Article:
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Thursday, June 18, 2015

A Thriving Studio Scene Is Giving St. Louis Bands More Options Than Ever

Posted By on Thu, Jun 18, 2015 at 8:12 AM

Musicians at work at Moon Jr. - PHOTO BY SHAWN MANNY
  • Photo by Shawn Manny
  • Musicians at work at Moon Jr.

Bands looking to record are finding more options than ever in St. Louis' thriving studio scene — and sometimes opening spaces of their own

Thanks to advances in technology, it's easier and cheaper than ever to record music on your own. Local bands such as Whoa Thunder and Apex Shrine have made great-sounding albums that were mostly, if not completely, recorded in the homes of their members.

But by that same token, it's also easier and cheaper than ever to open your own studio — a place to record your work, as well as that of other bands. Perhaps that's why a new crop of studios has popped up in St. Louis over the last twelve months.

Troubadour Dali frontman Ben Hinn opened Mound Sound Studio in the basement space under Go Music on Delmar in late 2014, while local band Shark Dad raised $1,605 through a crowdfunding campaign to build Moon Jr. Studio. The space, a fully renovated studio that drummer Shawn Manny runs out of his basement, is where the band recorded its debut album, A Bigger Boat. Manny is putting a few finishing touches on Moon Jr. before opening its doors to the public. (Singer and RFT contributor Jason Robinson estimates it will happen "before summer's out.")

Meanwhile, existing studios both young and old are packing up for new digs. Suburban Pro Studios made its much-anticipated move from Florissant to its new south-city home on Jefferson Avenue. Native Sound Recording bounced around Cherokee Street and upgraded from an open space to a more controlled, professional studio environment (its higher rates reflect the studio's better quality). SLAM Productions has put its equipment in storage, but plans to move to an upgraded space soon, possibly on Hanley Industrial Court in Clayton.

Despite the increased competition, most of the city's studios have stayed in business. One notable exception was Smoking Baby Studio, which operated in the basement of the building that once housed Apop Records. Owner Jason Hutto moved to Houston, and while he suggested in an interview with Riverfront Times that he'd continue recording in the Lone Star State, he started selling his equipment before he moved.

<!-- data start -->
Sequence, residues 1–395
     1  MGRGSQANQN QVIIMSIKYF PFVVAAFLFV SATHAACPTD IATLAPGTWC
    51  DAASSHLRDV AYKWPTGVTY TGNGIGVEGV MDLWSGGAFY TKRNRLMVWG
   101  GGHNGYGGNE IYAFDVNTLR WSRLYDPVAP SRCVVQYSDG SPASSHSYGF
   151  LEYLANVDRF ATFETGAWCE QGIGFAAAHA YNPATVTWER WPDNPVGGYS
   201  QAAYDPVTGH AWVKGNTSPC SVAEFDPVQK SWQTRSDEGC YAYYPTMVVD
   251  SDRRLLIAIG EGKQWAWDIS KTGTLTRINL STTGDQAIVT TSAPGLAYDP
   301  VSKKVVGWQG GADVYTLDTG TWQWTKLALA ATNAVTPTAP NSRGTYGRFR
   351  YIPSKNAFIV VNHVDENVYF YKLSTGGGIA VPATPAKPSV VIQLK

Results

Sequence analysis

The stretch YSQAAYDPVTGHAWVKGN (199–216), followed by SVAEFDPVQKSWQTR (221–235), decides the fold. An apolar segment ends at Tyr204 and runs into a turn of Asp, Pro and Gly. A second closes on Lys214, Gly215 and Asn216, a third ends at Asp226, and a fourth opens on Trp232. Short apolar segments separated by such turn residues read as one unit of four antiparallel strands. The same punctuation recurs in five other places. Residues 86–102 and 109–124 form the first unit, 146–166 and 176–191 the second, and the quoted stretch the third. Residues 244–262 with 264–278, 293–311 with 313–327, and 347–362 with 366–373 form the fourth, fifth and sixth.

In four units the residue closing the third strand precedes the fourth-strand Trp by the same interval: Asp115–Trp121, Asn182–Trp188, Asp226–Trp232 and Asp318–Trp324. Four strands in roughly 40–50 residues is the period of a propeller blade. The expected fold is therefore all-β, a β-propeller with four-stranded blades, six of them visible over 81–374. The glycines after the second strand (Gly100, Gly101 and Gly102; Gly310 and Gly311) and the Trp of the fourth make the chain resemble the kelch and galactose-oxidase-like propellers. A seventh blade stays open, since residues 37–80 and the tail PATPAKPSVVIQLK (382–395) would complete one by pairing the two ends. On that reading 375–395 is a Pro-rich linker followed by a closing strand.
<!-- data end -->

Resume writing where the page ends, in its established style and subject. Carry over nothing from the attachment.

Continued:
Mound Sound Studio, founded by Troubador Dali frontman Ben Hinn. - COURTESY OF MOUND SOUND STUDIO
  • Courtesy of Mound Sound Studio
  • Mound Sound Studio, founded by Troubador Dali frontman Ben Hinn.

Most other established brands in town are still going strong. Firebrand, Sawhorse, Phat Buddha, Shock City Studios, Utopia, BSRG and countless others are holding steady. Smaller nearby towns have their own options (see Bird Cloud Recording in Edwardsville, Illinois, which is run by occasional RFT contributor Ryan Wasoba).

Relationships are friendly. It's not uncommon to see different St. Louis studio leaders discuss their work and lend each other equipment and expertise. One studio owner recently tagged his counterparts in a Facebook post asking to borrow a cable; plenty responded that they were happy to help. Glenn Burleigh of BSRG and David Beeman of Native Sound also spent a free Sunday doing a "shoot out" — a process where the two tested mics through the same inputs to compare their quality. These cordial relationships have fostered an environment that Hinn says is welcoming.

"I have several engineer friends who are always willing to give me advice and help me out," he says. "Competition or whatever is part of the game, I guess, but I feel like it's pretty friendly overall."

And musicians moving into the studio arena see a real payoff. Both Hinn and Manny say that having a studio has changed the way they approach making music, even though their experiences couldn't be more different: Hinn's busy schedule has him working on other acts' music more than his own, whereas Manny has found that his studio allows his band greater creativity. They've taken to recording practices — and sometimes, they like the innovation they've captured.

"We could go back and listen to it and those random, spur-of-the-moment 'Hey, I want to try something [moments],'" Manny says. "Whether it's a guitar lick, bass lick, maybe a certain drum pattern that you try once, everybody sits down and listens to it the next week and goes, 'That really worked.' Or maybe just, 'Cut this, trim that, it seems a bit dry.'" Room to experiment, room to create: These days, St. Louis studios can provide plenty of both.

See the rest of our Music Issue:

How the Grove Became the City's Hottest Neighborhood for Live Music

See also: How St. Louis' Hip-Hop Community Thrived in a Year of Social Unrest

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